Edition V21N02 | Year 2016 | Editorial Orthodontic Insight | Pages 15 to 27
When seeking orthodontic treatment, many adolescents and adult patients present with deciduous teeth. Naturally, deciduous teeth will inevitably undergo exfoliation at the expected time or at a later time. Apoptosis is the biological trigger of root resorption. In adult patients, deciduous teeth should not be preserved, as they promote: infraocclusion, traumatic occlusion, occlusal trauma, diastemata and size as well as morphology discrepancy malocclusion. Orthodontic movement speeds root resorption up, and so do restoring or recontouring deciduous teeth in order to establish esthetics and function. Deciduous teeth cells are dying as a result of apoptosis, and their regeneration potential, which allows them to act as stem cells, is limited. On the contrary, adult teeth cells have a greater proliferative potential. All kinds of stem cell therapies are laboratory investigative non authorized trials.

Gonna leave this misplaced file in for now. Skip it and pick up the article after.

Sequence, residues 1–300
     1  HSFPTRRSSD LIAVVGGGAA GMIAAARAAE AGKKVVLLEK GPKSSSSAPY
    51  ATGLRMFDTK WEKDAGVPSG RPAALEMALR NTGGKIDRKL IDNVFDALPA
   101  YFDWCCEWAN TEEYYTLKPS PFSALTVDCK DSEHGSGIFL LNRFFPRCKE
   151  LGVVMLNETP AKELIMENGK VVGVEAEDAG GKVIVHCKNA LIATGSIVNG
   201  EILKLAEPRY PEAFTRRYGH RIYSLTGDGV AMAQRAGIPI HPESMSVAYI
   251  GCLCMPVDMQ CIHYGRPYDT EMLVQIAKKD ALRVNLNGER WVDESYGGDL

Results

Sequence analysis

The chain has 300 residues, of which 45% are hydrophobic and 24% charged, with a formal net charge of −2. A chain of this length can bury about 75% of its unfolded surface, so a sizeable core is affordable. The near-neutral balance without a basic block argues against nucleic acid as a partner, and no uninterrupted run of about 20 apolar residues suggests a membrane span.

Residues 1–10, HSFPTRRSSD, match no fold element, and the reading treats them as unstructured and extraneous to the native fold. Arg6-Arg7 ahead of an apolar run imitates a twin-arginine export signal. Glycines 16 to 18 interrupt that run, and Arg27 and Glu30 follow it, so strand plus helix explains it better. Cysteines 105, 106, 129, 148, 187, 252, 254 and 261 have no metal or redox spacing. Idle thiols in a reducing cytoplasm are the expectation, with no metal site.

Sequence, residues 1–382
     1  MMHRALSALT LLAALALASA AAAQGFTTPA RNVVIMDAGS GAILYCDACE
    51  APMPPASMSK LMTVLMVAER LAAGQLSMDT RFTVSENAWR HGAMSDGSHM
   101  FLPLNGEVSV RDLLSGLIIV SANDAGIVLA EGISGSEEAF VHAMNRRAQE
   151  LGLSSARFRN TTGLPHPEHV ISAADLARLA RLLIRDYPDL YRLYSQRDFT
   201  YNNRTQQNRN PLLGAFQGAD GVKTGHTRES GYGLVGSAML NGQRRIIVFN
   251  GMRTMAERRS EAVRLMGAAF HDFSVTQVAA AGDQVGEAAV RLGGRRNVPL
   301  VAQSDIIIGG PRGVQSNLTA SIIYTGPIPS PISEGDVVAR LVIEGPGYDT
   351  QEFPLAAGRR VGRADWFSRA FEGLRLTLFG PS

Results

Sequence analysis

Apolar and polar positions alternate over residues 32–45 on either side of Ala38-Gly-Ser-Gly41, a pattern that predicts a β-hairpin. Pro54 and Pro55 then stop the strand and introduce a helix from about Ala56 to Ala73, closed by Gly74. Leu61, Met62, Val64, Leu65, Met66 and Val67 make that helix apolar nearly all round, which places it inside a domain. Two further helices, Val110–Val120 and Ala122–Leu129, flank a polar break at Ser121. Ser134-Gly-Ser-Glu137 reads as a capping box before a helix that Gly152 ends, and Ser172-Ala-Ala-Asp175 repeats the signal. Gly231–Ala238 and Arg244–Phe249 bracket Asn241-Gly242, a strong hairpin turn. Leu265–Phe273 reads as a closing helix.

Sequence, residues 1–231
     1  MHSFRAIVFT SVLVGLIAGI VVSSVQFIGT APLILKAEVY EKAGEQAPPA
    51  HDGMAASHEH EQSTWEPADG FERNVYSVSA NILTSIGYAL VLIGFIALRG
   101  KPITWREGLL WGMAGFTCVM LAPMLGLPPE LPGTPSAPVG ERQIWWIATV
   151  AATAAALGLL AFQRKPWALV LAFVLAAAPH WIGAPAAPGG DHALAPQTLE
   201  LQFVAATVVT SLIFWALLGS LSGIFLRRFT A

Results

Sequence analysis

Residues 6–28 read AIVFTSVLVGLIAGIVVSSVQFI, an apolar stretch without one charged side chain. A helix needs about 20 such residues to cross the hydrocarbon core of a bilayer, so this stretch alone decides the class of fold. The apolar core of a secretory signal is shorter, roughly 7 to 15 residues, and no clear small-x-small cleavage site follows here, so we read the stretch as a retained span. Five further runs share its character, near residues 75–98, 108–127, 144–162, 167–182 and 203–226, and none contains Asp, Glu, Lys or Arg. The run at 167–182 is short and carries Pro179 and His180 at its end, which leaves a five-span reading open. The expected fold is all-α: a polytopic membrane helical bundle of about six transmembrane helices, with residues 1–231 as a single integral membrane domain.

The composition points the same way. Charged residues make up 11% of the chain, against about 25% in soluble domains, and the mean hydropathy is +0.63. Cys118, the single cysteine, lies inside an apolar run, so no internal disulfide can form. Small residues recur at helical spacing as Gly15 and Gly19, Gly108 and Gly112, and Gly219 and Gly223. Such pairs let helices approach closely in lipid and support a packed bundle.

Deciduous teeth, Root resorption, Stem cells, Orthodontic movement, Apoptosis,
Consolaro A. Should deciduous teeth be preserved in adult patients? How about stem cells? Is it reasonable to preserve them? Dental Press J Orthod. 2016 Mar-Apr;21(2):15-27. DOI: http://dx.doi.org/10.1590/2177-6709.21.2.015-027.oin